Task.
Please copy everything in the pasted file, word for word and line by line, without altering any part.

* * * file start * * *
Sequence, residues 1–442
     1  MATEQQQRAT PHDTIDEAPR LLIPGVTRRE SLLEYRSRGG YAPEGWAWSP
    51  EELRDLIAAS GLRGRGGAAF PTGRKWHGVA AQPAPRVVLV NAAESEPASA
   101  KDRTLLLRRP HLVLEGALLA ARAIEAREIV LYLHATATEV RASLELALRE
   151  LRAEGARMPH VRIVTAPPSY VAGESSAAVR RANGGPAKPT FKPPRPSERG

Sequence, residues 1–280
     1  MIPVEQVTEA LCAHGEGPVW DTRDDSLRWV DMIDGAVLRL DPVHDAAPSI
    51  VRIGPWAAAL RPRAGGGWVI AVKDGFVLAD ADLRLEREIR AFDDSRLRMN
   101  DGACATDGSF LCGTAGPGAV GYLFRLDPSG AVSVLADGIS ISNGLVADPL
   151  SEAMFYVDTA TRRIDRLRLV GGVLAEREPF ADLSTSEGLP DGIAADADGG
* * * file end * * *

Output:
Sequence, residues 1–442
     1  MATEQQQRAT PHDTIDEAPR LLIPGVTRRE SLLEYRSRGG YAPEGWAWSP
    51  EELRDLIAAS GLRGRGGAAF PTGRKWHGVA AQPAPRVVLV NAAESEPASA
   101  KDRTLLLRRP HLVLEGALLA ARAIEAREIV LYLHATATEV RASLELALRE
   151  LRAEGARMPH VRIVTAPPSY VAGESSAAVR RANGGPAKPT FKPPRPSERG

Sequence, residues 1–280
     1  MIPVEQVTEA LCAHGEGPVW DTRDDSLRWV DMIDGAVLRL DPVHDAAPSI
    51  VRIGPWAAAL RPRAGGGWVI AVKDGFVLAD ADLRLEREIR AFDDSRLRMN
   101  DGACATDGSF LCGTAGPGAV GYLFRLDPSG AVSVLADGIS ISNGLVADPL
   151  SEAMFYVDTA TRRIDRLRLV GGVLAEREPF ADLSTSEGLP DGIAADADGG